Phishing is the practice of sending messages that appear to come from reputable companies but in fact trick consumers into revealing personal information, such as passwords and credit card numbers.

Snowshoeing is a technique that uses multiple source numbers for messaging with the intent to evade filters. All operators prohibit snowshoeing. Using the practice may result in poor deliverability and in some cases campaign or account suspension.

The practice of automatically providing a sender with new phone numbers to replace previously blocked phone numbers is prohibited. Similarly, number cycling is a technique in which messaging providers discard numbers upon seeing poor deliverability and provide replacement numbers. This results in a poor experience for customers and suggests to operators unwanted messaging or lack of customer consent. Instead of number cycling, work with Shape to identify the root cause of poor deliverability and fix the issue.

Managing Messaging Campaigns for Better Deliverability

Here are some best practices that can help you improve your message deliverability scores.

Customer consent

All Shape customers must comply with the opt-in requirements outlined in the CTIA guidelines. In short, businesses should send messages to customers only after receiving opt-in permission. Also, message senders should not use opt-in lists that have been rented, sold, or shared. 

When customers opt in, you should send them a confirmation message that includes details about the campaign, possible charges, whether they’ll get recurring messages, and how to opt out. Example: Welcome to Shape customer outreach. Message and data rates may apply. Reply HELP for help, STOP to cancel.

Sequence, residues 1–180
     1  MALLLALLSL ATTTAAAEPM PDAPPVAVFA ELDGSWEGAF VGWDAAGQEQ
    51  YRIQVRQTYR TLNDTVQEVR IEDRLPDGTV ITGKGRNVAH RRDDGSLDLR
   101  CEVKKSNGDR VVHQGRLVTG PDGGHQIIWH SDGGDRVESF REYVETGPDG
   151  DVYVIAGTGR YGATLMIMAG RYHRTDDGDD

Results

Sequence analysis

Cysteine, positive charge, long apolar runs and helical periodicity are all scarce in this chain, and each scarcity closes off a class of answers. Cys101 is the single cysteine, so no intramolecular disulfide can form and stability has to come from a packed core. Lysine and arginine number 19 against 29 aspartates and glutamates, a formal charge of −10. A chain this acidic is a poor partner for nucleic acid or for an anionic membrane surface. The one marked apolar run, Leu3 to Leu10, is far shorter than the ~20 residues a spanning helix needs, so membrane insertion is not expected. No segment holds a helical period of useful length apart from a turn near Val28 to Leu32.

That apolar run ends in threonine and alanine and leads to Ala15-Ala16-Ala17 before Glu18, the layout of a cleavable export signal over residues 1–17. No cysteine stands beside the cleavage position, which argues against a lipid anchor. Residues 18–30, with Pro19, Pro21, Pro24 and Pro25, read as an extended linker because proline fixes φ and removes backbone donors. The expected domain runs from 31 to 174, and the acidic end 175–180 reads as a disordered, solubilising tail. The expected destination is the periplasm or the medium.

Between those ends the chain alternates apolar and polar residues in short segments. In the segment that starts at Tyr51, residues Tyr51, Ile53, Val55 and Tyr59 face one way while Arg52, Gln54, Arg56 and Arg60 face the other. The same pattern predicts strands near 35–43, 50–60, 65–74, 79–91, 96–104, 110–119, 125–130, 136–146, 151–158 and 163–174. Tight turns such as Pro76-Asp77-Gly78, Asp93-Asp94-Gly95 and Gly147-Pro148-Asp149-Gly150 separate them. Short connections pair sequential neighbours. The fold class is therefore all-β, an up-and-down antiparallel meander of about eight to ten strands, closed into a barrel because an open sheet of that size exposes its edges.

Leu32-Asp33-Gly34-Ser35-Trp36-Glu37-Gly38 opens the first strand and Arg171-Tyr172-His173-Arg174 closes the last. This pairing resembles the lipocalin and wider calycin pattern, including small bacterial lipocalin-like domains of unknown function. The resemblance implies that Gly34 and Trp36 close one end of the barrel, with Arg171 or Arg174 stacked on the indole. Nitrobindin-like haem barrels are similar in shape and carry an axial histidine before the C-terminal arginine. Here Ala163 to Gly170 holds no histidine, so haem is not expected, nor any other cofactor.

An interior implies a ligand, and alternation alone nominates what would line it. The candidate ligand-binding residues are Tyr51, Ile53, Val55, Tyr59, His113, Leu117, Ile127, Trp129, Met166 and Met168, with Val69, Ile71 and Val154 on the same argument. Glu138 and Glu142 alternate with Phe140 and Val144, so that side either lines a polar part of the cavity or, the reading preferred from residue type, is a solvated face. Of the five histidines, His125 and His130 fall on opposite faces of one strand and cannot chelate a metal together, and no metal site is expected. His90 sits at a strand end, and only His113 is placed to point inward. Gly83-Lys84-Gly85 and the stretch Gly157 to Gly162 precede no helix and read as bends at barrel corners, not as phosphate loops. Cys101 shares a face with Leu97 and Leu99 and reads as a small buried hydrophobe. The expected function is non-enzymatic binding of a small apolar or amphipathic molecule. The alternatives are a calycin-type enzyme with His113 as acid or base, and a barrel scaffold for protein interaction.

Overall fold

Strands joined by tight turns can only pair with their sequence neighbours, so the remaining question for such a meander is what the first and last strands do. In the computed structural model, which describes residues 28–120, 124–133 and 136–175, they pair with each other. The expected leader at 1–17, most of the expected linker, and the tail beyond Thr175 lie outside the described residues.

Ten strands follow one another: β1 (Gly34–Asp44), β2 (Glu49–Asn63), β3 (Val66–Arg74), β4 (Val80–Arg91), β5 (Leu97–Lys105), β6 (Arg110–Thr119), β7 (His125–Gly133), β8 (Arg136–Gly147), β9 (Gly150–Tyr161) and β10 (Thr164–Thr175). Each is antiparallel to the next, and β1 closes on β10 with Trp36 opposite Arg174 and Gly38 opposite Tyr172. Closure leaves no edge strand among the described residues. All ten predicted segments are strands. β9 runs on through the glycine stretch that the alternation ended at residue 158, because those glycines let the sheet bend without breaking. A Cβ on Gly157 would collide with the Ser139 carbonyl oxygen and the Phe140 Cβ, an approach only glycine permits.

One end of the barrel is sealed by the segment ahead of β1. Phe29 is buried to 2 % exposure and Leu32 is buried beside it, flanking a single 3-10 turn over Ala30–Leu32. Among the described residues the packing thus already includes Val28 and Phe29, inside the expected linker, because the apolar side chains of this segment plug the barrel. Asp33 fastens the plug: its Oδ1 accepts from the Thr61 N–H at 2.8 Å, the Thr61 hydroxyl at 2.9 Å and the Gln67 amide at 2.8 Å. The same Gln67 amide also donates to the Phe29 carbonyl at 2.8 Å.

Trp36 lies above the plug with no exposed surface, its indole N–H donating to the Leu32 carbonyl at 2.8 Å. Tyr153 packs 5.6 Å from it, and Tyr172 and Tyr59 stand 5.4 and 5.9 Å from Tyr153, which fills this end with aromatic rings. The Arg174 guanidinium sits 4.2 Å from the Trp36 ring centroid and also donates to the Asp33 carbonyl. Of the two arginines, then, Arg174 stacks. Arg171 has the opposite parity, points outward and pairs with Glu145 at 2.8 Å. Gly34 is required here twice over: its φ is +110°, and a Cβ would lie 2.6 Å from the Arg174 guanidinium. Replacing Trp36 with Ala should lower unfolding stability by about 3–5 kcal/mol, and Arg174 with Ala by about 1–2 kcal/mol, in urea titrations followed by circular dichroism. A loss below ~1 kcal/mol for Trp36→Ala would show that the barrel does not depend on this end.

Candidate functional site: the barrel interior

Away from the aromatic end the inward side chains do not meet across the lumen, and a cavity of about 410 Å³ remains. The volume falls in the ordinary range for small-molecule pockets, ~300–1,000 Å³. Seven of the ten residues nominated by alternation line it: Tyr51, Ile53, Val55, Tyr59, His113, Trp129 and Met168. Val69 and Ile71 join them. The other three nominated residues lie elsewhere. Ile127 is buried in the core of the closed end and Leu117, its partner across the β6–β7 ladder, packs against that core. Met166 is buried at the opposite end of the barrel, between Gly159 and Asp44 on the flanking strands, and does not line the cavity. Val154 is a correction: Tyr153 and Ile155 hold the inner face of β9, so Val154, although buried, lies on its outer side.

You should collect the consumer consent yourself. Don’t use consent acquired from a third party. Consumers expect a relationship with the businesses with which they interact.

Shape reserves the right to suspend or terminate your messaging services if we learn you’ve failed to comply with opt-in guidelines.

If your opt-in process involves a web form, you should ensure that it clearly conveys all of these details to the consumer.

Proof of opt-in

Shape recommends maintaining an updated list with a record of every opted-in user. If we receive carrier or subscriber complaints about spam, Shape and its partners may carry out an audit. In that event we will ask you for proof of opt-in consent. For each user, you must be able to produce this information as proof of opt-in.

You should also offer an opt-out mechanism in every message to avoid violations. Shape also recommends that you review inbound messages for messages like “I’m not interested,” ”Do not send messages,” ”Not required,” etc., and remove those subscribers from your target group.